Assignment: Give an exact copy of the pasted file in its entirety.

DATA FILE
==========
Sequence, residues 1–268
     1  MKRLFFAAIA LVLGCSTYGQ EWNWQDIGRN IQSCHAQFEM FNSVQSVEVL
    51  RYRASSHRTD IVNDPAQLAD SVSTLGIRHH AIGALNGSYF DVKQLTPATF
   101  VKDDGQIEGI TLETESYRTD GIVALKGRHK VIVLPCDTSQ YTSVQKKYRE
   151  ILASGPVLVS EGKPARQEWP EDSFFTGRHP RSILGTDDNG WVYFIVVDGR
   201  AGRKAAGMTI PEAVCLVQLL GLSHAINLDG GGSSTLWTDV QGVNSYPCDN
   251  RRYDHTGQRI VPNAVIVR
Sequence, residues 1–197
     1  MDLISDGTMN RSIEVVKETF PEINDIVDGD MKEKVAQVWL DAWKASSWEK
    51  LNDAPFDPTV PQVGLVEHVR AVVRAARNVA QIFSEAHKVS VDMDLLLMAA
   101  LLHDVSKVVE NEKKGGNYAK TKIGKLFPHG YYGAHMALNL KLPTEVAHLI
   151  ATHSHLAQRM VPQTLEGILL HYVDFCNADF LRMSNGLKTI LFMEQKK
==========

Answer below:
Sequence, residues 1–268
     1  MKRLFFAAIA LVLGCSTYGQ EWNWQDIGRN IQSCHAQFEM FNSVQSVEVL
    51  RYRASSHRTD IVNDPAQLAD SVSTLGIRHH AIGALNGSYF DVKQLTPATF
   101  VKDDGQIEGI TLETESYRTD GIVALKGRHK VIVLPCDTSQ YTSVQKKYRE
   151  ILASGPVLVS EGKPARQEWP EDSFFTGRHP RSILGTDDNG WVYFIVVDGR
   201  AGRKAAGMTI PEAVCLVQLL GLSHAINLDG GGSSTLWTDV QGVNSYPCDN
   251  RRYDHTGQRI VPNAVIVR
Sequence, residues 1–197
     1  MDLISDGTMN RSIEVVKETF PEINDIVDGD MKEKVAQVWL DAWKASSWEK
    51  LNDAPFDPTV PQVGLVEHVR AVVRAARNVA QIFSEAHKVS VDMDLLLMAA
   101  LLHDVSKVVE NEKKGGNYAK TKIGKLFPHG YYGAHMALNL KLPTEVAHLI
   151  ATHSHLAQRM VPQTLEGILL HYVDFCNADF LRMSNGLKTI LFMEQKK